When it comes to the finest art projects and professional works of art, linen canvas simply has no rival in cotton. Exceptional artists like Katherine McNenly, with her Naturalistic still lifes and portraits, gravitate to linen for its quality, longevity, and inherent elegance. Incredibly strong and light, prepared linen offers a smooth, flat surface on which to bring your vision to life.
Katherine McNenly, Night Swimmer oil on linen. Image: www.katherinemcnenly.com.
It’s not only that unique quality that drives linen’s higher prices; scarcity plays a large role, as well. The best linen comes from flax grown in Western Europe, where the growing season spans just 100 days from March to July. As they reach maturity, the flax plants will bloom an intense violet, blue or white for a single day. That’s the signal to growers that it’s time to uproot, rather than cut, the plants. This is necessary to preserve the integrity of the fibers, which grow in the flax root as well as the stalk.
A blooming flax field near the Libeco weaving mill in the Flemish countryside. Photo credit: Libeco
Once laid out in the field, the plants are left exposed to the rain and sun for several weeks to age. They’re turned regularly and, once uniformly dried and matured, baled for transport, then sent for scutching and heckling. Only then is it ready for spinning and weaving into yarns and linen textiles like canvas for your fine art projects.
If you’re still on the fence about whether to use linen or cotton, you can learn more about the pros and cons of each canvas in Cotton vs. Linen: Which Canvas is Best & Why?
Many professional artists choose to invest in linen canvas for its strength, durability, and natural weaved finish. Here’s how to protect your investment and achieve the best results in your next fine art project on a linen canvas:
Get to Know Your Linen Supplier
The tedious process of linen production is directly responsible for the cost of the canvas, which means you should be leery of products with prices too good to be true. Some manufacturers use cotton machines to process flax, to save on the labour-intensive process of extracting the plant fibers from the stalks, but this results in a lower quality canvas. Others might mix linen fibers with less expensive fibers to create a lower cost textile that’s ultimately lesser in quality, as well.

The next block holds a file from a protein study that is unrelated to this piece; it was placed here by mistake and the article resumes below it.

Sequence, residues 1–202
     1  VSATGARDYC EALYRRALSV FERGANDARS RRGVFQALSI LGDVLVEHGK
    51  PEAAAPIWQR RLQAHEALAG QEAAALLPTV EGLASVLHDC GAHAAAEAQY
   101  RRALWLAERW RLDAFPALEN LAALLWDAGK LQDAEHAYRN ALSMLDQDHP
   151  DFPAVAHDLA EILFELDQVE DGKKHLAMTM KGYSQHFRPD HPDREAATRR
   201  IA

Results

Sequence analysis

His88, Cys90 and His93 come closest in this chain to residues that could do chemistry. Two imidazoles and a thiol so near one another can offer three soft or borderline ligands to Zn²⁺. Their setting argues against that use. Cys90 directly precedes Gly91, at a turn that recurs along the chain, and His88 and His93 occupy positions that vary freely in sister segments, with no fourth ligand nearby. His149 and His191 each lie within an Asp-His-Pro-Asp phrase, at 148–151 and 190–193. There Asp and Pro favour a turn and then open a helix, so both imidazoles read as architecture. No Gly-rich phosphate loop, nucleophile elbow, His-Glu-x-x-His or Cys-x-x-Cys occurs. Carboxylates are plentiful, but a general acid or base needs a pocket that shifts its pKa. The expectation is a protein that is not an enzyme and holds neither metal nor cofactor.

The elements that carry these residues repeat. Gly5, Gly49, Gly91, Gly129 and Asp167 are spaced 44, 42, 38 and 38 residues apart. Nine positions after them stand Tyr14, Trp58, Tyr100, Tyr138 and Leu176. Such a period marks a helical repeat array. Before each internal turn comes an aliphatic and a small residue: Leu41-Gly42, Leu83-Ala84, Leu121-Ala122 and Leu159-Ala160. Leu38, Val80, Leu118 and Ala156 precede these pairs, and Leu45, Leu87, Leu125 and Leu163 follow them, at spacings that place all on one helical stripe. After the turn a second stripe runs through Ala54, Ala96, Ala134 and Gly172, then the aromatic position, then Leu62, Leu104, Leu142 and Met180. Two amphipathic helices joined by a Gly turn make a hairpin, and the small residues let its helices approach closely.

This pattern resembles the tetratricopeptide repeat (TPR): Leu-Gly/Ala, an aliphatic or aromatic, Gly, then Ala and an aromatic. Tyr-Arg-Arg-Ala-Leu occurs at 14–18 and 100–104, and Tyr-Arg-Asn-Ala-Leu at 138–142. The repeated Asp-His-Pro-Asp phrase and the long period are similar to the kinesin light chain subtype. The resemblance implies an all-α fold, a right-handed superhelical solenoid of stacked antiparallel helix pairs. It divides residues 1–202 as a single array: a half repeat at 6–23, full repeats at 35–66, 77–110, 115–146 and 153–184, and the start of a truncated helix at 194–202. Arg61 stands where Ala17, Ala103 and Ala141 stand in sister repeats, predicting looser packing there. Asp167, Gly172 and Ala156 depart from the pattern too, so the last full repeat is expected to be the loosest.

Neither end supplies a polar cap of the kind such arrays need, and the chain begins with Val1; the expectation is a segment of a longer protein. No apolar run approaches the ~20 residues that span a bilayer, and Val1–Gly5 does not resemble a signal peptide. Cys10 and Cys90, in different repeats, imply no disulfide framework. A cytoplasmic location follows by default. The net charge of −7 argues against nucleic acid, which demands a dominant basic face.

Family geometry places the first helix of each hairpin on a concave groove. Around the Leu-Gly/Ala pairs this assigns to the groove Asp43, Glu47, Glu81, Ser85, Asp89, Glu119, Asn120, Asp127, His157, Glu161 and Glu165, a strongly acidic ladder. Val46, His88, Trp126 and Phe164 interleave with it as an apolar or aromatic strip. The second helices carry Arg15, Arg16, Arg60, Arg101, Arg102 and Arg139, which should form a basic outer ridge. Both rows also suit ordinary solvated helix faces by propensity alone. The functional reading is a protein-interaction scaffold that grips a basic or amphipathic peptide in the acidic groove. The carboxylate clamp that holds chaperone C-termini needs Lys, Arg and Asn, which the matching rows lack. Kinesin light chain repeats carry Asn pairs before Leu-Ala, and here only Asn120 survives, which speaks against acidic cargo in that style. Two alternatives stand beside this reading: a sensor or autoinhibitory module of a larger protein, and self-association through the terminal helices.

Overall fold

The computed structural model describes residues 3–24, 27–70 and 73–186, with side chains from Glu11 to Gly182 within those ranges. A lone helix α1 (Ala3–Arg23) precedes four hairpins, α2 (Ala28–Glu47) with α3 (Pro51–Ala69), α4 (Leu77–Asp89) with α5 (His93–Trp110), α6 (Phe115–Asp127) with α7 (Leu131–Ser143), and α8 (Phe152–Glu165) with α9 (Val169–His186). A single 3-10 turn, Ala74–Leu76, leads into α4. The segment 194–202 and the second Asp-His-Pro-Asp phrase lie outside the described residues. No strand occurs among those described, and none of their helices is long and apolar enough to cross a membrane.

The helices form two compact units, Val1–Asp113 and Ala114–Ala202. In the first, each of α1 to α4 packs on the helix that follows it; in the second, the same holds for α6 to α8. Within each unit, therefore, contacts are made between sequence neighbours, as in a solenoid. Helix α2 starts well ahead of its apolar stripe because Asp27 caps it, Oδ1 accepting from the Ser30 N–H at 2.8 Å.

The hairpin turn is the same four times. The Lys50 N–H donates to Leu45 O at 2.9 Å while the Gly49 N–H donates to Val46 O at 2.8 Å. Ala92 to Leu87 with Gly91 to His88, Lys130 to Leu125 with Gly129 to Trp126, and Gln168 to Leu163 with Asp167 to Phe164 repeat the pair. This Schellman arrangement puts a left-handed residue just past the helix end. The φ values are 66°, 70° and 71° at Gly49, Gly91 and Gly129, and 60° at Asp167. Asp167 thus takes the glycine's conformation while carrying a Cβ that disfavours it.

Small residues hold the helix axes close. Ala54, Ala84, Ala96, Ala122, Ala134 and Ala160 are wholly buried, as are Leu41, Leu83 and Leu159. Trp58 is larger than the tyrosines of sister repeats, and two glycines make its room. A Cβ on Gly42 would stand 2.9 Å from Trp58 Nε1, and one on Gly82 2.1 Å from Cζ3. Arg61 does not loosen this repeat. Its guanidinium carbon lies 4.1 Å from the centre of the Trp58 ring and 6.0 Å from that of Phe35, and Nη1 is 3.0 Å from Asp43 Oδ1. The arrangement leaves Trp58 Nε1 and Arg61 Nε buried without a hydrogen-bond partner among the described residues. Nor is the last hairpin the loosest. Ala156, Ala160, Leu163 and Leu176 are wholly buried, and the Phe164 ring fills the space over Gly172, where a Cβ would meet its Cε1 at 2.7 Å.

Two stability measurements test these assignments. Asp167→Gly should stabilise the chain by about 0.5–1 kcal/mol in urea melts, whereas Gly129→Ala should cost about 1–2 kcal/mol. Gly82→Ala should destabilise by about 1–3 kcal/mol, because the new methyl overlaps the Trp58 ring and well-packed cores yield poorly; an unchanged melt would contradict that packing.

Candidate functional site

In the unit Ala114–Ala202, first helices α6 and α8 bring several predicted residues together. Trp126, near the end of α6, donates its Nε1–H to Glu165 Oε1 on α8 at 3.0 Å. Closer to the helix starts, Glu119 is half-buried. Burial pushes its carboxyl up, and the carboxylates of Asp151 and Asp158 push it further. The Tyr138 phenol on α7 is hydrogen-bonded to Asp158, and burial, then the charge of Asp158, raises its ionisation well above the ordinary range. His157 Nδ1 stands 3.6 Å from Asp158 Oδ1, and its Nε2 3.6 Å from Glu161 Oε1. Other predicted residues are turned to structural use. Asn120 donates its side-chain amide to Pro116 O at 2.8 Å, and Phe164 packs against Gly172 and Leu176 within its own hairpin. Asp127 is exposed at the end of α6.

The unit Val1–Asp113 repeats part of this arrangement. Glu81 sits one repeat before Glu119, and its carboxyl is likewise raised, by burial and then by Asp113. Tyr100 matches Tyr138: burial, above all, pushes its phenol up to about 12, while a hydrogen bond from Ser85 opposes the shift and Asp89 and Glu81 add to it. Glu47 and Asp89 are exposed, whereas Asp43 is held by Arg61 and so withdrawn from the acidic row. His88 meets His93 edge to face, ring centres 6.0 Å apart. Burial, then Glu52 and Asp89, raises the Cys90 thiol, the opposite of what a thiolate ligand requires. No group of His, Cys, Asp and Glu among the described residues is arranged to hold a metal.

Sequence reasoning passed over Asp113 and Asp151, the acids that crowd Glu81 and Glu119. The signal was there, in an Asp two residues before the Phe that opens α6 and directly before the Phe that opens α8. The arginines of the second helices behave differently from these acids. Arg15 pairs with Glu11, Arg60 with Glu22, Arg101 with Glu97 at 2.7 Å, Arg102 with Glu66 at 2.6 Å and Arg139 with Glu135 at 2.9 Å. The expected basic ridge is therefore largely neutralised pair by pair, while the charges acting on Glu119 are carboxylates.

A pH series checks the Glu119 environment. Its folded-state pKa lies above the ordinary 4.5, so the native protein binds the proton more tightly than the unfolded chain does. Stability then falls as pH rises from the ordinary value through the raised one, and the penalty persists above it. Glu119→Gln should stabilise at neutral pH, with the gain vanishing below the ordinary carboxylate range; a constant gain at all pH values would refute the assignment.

Elinore Schnurr, In Our Mind’s Eye II oil on linen.
In order to achieve the longevity, strength and uniform absorption unique to the best quality linen canvas, it’s important that you purchase it from a reputable source, preferably manufactured in Belgium.
The time consuming but fascinating process of producing top quality linen requires a great deal of knowledge and experience. It’s a process illustrated in this video by Libeco, a linen producer from Meulebeke, Belgium with over 150 years experience in the trade.
Their experience and the proven quality of their certified Belgian linen is why we carry Libeco linen canvas in 7, 8, and 10.5 oz. weights, with widths ranging from 54.5″ to 86″.
Choose a Frame to Support Your Linen Canvas
The natural tensile strength of linen canvas demands a strong frame to support it. Choosing a keyable canvas stretcher gives you the ability to adjust the tension of the frame over time, ensuring your canvas stays taut and firm.
A keyable frame allows you to adjust the stretcher over time, keeping your linen canvas tight and smooth.
Depending on the size of your painting and whether you’re using raw linen canvas that you plan to gesso yourself, you may need cross bracing, laminated long stretcher bars, or other design elements that increase the strength and stability of your frame.
We put together this Stretcher Bars Cheat Sheet to help you determine which frame will work best for you. And don’t forget, we’re always available to consult on your heavy duty, oversized or irregularly shaped projects.
To Prime or Purchase Pre-Primed?
This can be a difficult decision for artists, especially if you like to be involved in and/or control the process of creating your works from start to finish.
Linen is more difficult than cotton to stretch. As art supplies manufacturer Daniel Smith notes, “Stretching raw linen requires more care and delicacy than does cotton and is far more time consuming. If you have never stretched a canvas, raw linen is not a good practice material. It is far too costly and finicky to attempt to stretch linen without experience. If you want experience, stretch cotton, which is available in inexpensive student grades.”
An artist applies rabbit skin glue as sizing on raw Belgian linen canvas.
You also don’t want to break your frame (or warp your canvas) if you’ve underestimated the tightness of the sizing. Acrylic-based gesso has become a more popular sizing alternative to rabbit skin glue, which is only suitable for use under oil paints (acrylic will just flake off RSG). Acrylic on linen also gives you a little more friction, which can increase your brush control for fine detail. If you’re new to rabbit skin glue, you’ll want to experiment and get to know how tight it draws your canvas before trying to size a large piece of linen.
We do all kinds of custom work for artists in need of irregularly shaped, large or extra-deep primed linen canvases. Give us a call at 1-800-561-4944 or contact us by email with your specs and we’ll stretch a primed linen to order for you.
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